errors, solutions and foods that promote sleep – Italian Cuisine

Children's insomnia is a frequent problem. Here are the experts' tips for fighting restless sleep and nighttime awakenings and helping the little one fall asleep easily

Nocturnal or early awakenings, difficulty getting to sleep, and restless nights are a common problem in children. The data reveal it. According to the Italian Society of Preventive and Social Pediatrics (SIPPS) the problem affects one child out of 4. "The number increases in the first year of life due to the request for feedings also during the night", explains the pediatrician Leo Venturelli, SIPPS communication manager. The Italian Society of Preventive and Social Pediatrics has drawn up a series of recommendations to encourage the nocturnal rest of the children within Nutripiatto, a food education project aimed at children aged 4 to 12 years developed together with Nestlé, with the scientific supervision of the Campus Bio-Medico University of Rome. Among the most common causes of children's insomnia, experts point out, there is often poor nutrition. "The rhythm with which meals are taken, their composition and their schedule influence the quality of rest," comments the pediatrician Giuseppe Di Mauro, president of SIPPS. Sleep plays a key role in the development of the baby. In fact, many growth hormones are produced during the night's rest.

Insomnia babies

Making Children Sleep: Mistakes to Avoid

According to SIPPS recommendations, children after 5 pm should avoid consuming tea, chocolate, broccoli, broccoli, turnip greens and all aged cheeses. These foods contain tyramine, a substance that can hinder sleep and cause restlessness. Then pay attention to the proteins contained in meat and fish. They can have an exciting effect. The advice is to insert them for lunch. For dinner, however, it is better to focus on pasta, rice or cereals, with the addition of legumes. "Excess protein in the diet disturbs sleep because it stimulates thirst," explains pediatrician Leo Venturelli. "As a result, the child drinks more and urinates more often to get rid of urea, a protein waste product." Then pay attention to excess salt, both to that added in the soups and to that contained in the cheeses. The latter, according to experts, should be consumed in small quantities (5-10 g) and only as an alternative to other sources of protein. Vegetables passed in the jelly should also be consumed sparingly. In some cases, in fact, they can cause bloating and abdominal colic and, therefore, hamper rest.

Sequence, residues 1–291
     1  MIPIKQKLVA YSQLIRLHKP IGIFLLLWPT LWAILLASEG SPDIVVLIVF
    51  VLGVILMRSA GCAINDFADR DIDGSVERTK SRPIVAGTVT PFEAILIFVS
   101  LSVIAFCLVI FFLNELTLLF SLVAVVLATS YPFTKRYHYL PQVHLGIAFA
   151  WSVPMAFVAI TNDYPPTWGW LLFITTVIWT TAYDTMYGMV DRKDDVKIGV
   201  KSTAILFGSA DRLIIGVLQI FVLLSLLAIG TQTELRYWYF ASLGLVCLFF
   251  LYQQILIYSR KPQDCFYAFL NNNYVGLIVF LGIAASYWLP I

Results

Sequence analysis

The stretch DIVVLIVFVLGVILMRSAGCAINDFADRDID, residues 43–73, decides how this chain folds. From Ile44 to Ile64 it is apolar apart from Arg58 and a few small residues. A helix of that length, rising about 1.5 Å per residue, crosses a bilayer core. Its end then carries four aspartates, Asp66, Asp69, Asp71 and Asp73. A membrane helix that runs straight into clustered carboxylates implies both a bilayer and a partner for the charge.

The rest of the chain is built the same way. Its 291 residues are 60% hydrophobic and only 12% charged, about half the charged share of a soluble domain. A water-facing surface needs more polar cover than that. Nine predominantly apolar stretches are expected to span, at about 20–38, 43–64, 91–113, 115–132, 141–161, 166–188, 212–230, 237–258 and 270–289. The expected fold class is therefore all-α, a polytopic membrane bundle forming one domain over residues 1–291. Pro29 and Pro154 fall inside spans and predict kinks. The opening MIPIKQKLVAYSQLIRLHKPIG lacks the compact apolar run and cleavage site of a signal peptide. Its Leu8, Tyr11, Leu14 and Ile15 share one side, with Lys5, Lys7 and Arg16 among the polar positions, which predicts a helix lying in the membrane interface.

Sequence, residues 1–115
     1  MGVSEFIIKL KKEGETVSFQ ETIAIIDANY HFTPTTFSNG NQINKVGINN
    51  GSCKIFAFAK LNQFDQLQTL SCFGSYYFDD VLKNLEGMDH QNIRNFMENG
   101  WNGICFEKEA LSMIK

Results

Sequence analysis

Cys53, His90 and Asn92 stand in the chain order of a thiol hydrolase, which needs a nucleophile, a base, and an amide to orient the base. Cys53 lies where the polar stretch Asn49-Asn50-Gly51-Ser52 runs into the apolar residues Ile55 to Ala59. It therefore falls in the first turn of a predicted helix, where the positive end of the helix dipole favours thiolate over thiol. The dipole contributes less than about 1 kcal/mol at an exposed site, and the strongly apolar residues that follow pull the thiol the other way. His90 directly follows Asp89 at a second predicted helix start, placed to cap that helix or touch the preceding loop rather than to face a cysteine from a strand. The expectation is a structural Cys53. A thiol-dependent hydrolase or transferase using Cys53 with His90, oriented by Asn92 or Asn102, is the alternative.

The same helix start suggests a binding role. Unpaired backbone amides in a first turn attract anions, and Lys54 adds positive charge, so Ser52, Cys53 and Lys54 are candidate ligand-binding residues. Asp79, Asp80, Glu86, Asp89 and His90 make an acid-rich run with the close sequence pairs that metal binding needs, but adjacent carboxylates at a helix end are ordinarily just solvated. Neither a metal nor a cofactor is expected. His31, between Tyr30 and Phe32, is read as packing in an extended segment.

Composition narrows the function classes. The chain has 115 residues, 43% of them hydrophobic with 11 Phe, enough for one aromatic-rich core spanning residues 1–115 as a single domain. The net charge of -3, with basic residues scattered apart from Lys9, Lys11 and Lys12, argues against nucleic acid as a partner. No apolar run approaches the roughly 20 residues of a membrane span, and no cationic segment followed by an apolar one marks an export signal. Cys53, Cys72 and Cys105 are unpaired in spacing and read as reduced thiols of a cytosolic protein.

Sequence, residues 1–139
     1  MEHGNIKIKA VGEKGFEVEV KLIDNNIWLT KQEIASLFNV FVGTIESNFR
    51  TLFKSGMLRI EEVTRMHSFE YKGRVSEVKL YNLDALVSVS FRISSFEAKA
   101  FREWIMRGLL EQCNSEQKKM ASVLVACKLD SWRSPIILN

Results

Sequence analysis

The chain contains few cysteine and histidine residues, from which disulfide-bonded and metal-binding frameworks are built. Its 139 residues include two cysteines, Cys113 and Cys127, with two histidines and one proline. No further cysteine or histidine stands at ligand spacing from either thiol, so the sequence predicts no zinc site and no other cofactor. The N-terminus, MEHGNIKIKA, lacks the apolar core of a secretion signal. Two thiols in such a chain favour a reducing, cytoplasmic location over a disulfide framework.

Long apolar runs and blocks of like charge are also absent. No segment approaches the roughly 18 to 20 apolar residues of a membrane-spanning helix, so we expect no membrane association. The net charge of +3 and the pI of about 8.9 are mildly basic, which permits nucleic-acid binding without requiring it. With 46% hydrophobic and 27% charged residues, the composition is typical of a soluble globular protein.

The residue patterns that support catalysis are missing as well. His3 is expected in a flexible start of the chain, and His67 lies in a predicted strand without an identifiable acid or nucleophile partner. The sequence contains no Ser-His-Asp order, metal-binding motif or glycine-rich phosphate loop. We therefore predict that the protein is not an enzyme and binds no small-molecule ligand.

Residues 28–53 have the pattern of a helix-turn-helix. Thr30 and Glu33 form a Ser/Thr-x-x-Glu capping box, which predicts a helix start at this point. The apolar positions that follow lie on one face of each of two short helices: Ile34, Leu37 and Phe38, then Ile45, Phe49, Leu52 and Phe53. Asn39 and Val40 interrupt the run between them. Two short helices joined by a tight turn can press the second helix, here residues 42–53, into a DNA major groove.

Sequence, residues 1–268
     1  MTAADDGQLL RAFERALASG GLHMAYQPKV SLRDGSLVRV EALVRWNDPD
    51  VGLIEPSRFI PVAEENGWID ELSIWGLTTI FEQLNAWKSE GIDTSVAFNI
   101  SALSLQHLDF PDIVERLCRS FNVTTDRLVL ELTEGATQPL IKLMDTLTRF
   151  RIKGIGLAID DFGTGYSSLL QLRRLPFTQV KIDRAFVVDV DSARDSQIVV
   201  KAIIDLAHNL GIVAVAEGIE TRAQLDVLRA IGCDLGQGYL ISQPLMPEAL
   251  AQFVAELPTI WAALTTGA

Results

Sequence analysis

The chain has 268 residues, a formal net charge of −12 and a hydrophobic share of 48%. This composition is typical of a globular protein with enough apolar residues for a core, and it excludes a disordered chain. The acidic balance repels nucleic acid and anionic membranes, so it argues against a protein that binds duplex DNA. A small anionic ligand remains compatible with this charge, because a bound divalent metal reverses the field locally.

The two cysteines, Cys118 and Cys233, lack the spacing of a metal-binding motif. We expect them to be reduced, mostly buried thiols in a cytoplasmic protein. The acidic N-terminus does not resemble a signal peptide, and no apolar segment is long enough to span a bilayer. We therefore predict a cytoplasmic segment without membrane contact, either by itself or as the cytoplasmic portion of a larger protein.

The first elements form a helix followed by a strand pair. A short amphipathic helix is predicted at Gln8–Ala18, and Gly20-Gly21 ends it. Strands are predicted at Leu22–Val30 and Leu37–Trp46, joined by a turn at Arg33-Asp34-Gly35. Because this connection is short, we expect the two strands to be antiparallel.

Foods that promote sleep

To facilitate the night's rest of the children in the menu go-ahead to foods rich in tryptophan. This amino acid is a precursor of serotonin, the hormone that regulates sleep and mood and promotes relaxation. Whole grains (oats, rye, spelled, etc.), legumes (lentils, chickpeas, beans, etc.), yogurt, pine nuts, almonds are good sources. Yes also to foods rich in vitamin B6. Help the body to use tryptophan. So go ahead with milk, rice, barley and bananas. Potassium is also an excellent sleep ally. It is contained in good quantities in courgettes, apricots, carrots, plums, spinach, chicken and yogurt. Potatoes are also rich in this which, in addition to potassium, contain complex carbohydrates that facilitate the use of tryptophan.

Extra help: relaxing herbs

To facilitate the falling asleep of children who are more than one year old, good night herbsis. Chamomile, hawthorn, lemon balm, passionflower, linden, valerian and verbena are ideal for preparing infusions and herbal teas. They promote relaxation and facilitate rest.

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